My report focuses on Minnesota’s Highway User Tax Distribution Fund (HUTDF), established in 1956 to build and maintain bridges and roads in Minnesota. The HUTDF gathers revenues from the Motor Fuel Excise Tax, Motor Vehicle Registration Tax, and Motor Vehicle Sales Tax (Transportation Funds Forecast). Minnesota State Aid for Local Transportation (SALT), a division of the Minnesota Department of Transportation (MnDOT) was established to administer funding from HUTDF through the County State Aid Highway (CSAH) and Municipal State Aid Street (MSAS) portions of the Fund (State Aid for Local Transportation). Funds are allocated to Minnesota counties and cities, which use it to assist with construction and maintenance of local highways and streets.
In recent years, the revenue sources for the HUTDF have been falling short of expenses. The State Legislature has been working to find a compromise on a gas tax increase, but the idea faces staunch opposition. Senator Dibble has championed a 7.5-cent gas tax increase that would raise $216 million annually for state and local highway improvements, in addition to a half-cent sales tax increase in the 7-county metro area that would raise $226 million annually (Star Tribune). This week the Senate passed a 5-cent gas tax increase that will now go to the House (MPR News)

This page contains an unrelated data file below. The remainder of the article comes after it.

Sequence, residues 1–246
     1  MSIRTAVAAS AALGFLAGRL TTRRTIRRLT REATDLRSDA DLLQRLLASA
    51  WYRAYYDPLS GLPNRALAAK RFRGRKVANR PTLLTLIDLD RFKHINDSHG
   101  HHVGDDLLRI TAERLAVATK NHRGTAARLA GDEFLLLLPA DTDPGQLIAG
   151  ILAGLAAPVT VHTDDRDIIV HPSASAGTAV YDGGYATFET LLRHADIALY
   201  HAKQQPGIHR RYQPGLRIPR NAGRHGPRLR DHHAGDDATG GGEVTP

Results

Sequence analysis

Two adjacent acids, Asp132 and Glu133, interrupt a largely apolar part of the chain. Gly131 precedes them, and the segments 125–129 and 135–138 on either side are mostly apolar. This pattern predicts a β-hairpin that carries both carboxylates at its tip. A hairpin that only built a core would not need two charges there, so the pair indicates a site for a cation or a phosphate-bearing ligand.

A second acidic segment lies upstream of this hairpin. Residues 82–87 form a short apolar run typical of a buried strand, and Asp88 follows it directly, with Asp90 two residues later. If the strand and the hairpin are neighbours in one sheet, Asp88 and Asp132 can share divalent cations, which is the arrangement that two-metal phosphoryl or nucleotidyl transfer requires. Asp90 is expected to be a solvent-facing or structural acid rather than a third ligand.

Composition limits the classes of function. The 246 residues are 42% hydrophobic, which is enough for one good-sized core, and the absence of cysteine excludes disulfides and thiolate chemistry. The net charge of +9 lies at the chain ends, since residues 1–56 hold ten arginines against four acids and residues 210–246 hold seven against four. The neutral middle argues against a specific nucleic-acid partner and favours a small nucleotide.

As a comparison to Minnesota’s Highway User Tax Distribution Fund, I examine how state aid is allocated for local transportation in Iowa. The state of Iowa established the Road Use Tax Fund (RUTF) in 1949 to provide a sustained source of funding for Iowa’s primary, secondary, and municipal roadways (Iowa High Finance). The RUTF gathers revenue from several sources, with the primary sources being the Fuel Tax, Fees for New Registration, Motor Vehicle Registration Fees, and Motor Carrier Registration Fees (Revenue Forecast). The Iowa legislature established another funding stream for maintenance and construction of certain primary highways in 2008 called Time-21. It came as a response to an estimated $267 million annual shortfall that would have negatively impacted the state’s ability to maintain and improve roadways.
It is clear from this analysis that state highway systems require a considerable amount of funding resources to be maintained and improved over time. While traditional taxes and fees have supported highway system costs, both Minnesota and Iowa have seen huge budget shortfalls in recent years and need to create new funding streams to support primary, county and local roads.